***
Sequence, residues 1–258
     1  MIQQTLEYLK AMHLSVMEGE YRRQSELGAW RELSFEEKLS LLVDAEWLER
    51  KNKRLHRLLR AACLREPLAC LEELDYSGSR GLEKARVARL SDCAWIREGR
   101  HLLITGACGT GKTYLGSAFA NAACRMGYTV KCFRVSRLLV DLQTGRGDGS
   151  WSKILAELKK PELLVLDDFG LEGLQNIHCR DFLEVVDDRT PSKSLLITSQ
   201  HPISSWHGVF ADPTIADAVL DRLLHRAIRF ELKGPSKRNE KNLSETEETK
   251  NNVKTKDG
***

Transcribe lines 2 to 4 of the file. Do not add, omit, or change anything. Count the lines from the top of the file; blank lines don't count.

     1  MIQQTLEYLK AMHLSVMEGE YRRQSELGAW RELSFEEKLS LLVDAEWLER
    51  KNKRLHRLLR AACLREPLAC LEELDYSGSR GLEKARVARL SDCAWIREGR
   101  HLLITGACGT GKTYLGSAFA NAACRMGYTV KCFRVSRLLV DLQTGRGDGS